Mark Grattan’s Mexico City Apartment Oozes a Kind of Sensual Charm

Mark Grattan’s work is moody, smoky, sensual, and chic — all qualities that, a few years back, earned him first prize on the erstwhile TV show Ellen’s Next Great Designer (which also featured longtime SU friend Arielle Assouline-Lichten). Grattan’s Mexico City apartment, on the fourth floor of a building by famed architect Luis Barragán — which we photographed for How to Live With Objects but which he has since left for New York City — had a similar vibe, filled with black leather, velvet, wall-to-wall carpeting, and sleek, low pieces designed by Grattan himself. In the months since we photographed his space, Grattan has uprooted his life, shown his work in our Superhouse exhibition (!) and, most recently, debuted a brand new collection in Miami with Cristina Grajales Gallery. But his essential aesthetic remains strong. His Miami collection was filled with dusty velvets, high-shine chromes, and smoked glass — and, like his best work, featured one very, very sexy bed. Come with us on a tour of his former space!

“In my living room, there’s a black gridded candleholder by EWE studio. The white sandy sculpture in the center of the coffee table is by Pablo Arellano from Studio IMA, and the red vase is by Bertrand Fompeyrine from Chic by Accident. The ashtray is from when I was doing research on glass fabrication. Inside the coffee table is the inspiration for one of the first pieces I did, a table called Café Con Leche. I found this sculpture at the Lagunilla flea market, and it has been with me for all of these years. When I started putting the apartment together, I sprayed it white and put it behind bronze glass. It sits with me as a reminder of and an homage to that first piece.”

“When I moved into this apartment, I lived in it empty for about fourteen months. One of the things I noticed most about the space was the travel of light throughout the day. The building is not high, but it sits above the tree line across from a park in Colonia San Rafael. In general, lighting is one of the first things people need to think about in a space—not just the natural light, but how you place lighting within a home. For me, it was a lot of thrift shopping, except for two Apparatus pieces—a sconce in the bedroom, and a pendant in the living room. Apparatus is something I don’t see in Mexico, but it works with the Mexican aesthetic. The material palette is very warm, and the simplicity of shapes works well. Apparatus founder Gabriel Hendifar’s use of repetition is something that I’m attracted to and that I use a lot in my work.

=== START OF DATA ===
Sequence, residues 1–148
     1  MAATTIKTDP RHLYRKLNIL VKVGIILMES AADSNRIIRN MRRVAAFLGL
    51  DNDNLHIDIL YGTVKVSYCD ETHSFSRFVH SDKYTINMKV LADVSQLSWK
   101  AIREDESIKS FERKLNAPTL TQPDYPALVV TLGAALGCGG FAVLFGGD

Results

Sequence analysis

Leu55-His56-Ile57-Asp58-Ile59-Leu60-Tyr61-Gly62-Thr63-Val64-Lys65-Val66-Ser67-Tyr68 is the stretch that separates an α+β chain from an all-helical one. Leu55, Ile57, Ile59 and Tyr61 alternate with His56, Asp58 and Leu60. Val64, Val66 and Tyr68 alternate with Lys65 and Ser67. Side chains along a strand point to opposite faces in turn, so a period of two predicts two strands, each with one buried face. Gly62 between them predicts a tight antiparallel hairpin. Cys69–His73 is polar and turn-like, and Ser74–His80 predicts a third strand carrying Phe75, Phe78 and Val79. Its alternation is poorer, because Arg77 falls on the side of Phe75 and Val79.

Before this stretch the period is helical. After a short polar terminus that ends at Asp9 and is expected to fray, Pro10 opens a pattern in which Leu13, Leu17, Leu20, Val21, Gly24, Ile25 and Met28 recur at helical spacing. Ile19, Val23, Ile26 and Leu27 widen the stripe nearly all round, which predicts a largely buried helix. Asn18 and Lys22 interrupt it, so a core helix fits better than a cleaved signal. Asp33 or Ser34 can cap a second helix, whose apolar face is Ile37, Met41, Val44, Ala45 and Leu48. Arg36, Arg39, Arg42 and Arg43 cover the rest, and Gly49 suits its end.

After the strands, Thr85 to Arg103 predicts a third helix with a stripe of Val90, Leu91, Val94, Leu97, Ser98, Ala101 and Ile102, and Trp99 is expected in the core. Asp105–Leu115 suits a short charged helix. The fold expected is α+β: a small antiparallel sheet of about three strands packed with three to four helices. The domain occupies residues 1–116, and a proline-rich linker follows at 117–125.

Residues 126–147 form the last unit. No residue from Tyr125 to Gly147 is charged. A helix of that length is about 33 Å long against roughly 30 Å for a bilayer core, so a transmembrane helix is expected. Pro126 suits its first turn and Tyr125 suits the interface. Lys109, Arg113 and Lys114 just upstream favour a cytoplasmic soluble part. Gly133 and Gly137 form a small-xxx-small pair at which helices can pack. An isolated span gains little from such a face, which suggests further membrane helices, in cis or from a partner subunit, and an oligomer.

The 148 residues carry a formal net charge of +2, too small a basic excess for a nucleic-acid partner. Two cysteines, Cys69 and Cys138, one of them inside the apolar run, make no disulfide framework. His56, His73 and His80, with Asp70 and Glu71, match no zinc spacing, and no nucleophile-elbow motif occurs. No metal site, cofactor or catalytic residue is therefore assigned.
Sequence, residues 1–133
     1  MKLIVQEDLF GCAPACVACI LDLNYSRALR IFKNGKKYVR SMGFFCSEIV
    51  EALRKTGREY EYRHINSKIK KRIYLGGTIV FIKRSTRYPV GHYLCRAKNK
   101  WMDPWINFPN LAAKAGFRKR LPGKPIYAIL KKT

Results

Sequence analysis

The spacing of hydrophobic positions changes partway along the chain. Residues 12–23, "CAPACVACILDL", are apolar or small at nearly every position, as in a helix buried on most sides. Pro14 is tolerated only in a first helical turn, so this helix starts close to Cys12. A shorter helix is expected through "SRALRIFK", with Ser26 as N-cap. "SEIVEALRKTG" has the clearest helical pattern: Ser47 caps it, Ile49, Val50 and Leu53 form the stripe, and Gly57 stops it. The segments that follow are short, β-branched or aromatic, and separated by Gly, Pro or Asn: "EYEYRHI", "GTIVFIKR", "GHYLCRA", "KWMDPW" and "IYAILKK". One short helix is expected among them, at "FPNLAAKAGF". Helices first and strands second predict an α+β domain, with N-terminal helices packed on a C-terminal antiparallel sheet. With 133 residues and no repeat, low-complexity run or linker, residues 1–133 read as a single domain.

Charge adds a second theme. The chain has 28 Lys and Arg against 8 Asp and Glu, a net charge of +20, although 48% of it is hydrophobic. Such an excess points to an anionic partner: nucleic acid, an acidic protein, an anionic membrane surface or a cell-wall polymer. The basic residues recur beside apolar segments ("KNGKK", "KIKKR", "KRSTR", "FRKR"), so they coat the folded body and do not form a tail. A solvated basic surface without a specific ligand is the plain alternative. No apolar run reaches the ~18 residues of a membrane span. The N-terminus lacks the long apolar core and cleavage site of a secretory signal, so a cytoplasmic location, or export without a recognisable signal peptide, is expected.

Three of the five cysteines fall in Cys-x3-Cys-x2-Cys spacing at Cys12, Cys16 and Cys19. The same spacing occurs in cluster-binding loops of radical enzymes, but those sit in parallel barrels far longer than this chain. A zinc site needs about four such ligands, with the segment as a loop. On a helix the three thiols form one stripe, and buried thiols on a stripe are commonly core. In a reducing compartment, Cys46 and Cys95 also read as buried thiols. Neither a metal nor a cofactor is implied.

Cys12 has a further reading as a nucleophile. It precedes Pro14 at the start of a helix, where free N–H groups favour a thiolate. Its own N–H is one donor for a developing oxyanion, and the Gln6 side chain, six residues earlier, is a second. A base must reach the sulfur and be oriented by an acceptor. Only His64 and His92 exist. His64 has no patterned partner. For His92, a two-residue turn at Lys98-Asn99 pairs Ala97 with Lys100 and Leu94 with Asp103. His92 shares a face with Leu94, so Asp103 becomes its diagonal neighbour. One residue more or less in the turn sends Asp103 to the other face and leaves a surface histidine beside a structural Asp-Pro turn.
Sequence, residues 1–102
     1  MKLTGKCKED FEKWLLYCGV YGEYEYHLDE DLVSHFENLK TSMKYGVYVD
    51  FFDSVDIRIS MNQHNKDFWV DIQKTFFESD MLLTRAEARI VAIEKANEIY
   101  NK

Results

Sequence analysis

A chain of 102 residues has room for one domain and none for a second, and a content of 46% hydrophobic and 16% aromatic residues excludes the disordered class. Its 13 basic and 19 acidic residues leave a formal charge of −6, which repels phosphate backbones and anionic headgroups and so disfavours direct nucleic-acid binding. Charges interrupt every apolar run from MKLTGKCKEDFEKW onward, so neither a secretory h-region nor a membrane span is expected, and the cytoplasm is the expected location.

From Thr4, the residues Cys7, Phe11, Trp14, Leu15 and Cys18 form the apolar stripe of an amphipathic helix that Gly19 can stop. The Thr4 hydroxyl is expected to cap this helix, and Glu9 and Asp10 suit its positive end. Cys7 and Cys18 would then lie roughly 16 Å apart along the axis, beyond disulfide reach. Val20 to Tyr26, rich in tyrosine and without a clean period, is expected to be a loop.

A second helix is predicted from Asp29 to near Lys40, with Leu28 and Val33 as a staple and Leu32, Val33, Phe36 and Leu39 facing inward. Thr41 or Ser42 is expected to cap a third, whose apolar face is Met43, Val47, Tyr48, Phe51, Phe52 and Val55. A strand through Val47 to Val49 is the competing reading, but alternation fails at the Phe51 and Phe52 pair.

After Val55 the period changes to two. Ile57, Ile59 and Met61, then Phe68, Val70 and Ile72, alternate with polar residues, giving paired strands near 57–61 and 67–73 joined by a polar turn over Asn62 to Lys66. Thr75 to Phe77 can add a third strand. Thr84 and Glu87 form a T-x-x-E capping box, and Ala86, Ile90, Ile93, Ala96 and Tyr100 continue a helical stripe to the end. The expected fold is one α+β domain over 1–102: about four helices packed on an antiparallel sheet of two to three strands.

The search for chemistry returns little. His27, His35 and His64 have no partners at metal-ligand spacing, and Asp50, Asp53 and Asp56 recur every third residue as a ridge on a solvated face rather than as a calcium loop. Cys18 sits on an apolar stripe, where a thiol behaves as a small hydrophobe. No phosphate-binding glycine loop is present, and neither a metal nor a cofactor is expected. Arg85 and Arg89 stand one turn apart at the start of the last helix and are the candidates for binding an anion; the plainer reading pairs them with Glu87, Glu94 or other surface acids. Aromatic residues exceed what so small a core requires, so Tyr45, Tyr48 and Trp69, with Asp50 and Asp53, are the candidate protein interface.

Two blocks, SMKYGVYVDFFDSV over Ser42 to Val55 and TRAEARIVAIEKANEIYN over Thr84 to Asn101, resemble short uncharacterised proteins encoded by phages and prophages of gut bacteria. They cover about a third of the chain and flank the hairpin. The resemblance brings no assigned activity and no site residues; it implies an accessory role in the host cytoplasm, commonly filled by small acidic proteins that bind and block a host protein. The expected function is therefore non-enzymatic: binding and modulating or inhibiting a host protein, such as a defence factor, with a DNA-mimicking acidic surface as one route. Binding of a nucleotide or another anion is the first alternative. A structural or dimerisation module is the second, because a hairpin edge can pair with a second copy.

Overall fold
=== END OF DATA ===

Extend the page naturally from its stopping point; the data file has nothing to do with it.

“I’ve designed a lot of beds. I’m always thinking about a bed, and I’m not even a heavy sleeper! I’m up very early in the morning. I can’t take naps. Maybe I’m attracted to the form because there’s an inherent challenge in the scale. It’s so big, and these things are typically so cumbersome.”

“In my living room, the blue vase and purple sculpture by Bertrand Fompeyrine help warm things up. I like to use other people’s objects as a balance to the rigidity in my work.”

“The green cabinet in the living room is custom. It’s lined inside with mirror, and the faces are upholstered in monochromatic green velvet to match everything else in the room. The double hardware on the outside gives it a little swag, and the marble matches the velvet. I actually dyed the marble green. To me, the cabinet is about the cleanliness of repetition. It gives a sense of order. So, everything is repetitive in one way or another in this room. The mirrors. The cabinet. The two sofas. The sconces. Even the piece of sculpture in the base of the coffee table and the Candle Grids by EWE in the living room are just a repetition of shape.”

“I love the brutality of the chrome vase by Tomás Díaz Cedeño. I can see his hand in it, which is nice because everything in my space is so clean. The chrome sconces on the mirror are my favorite part of the room. They’re from the Lagunilla flea market, and they have little cat eyes that open up. They’re so sleazy; there’s something almost sinister about them. In my work and in my home, I feel like I’m channeling something I can’t necessarily channel in real life, which is this provocation, this sexuality, this outspokenness, this sort of luxe that I’m attracted to, but can’t communicate through a vehicle other than furniture. I couldn’t walk down the street communicating these things, even with what I wear. But I can communicate it with my hand and through the work.”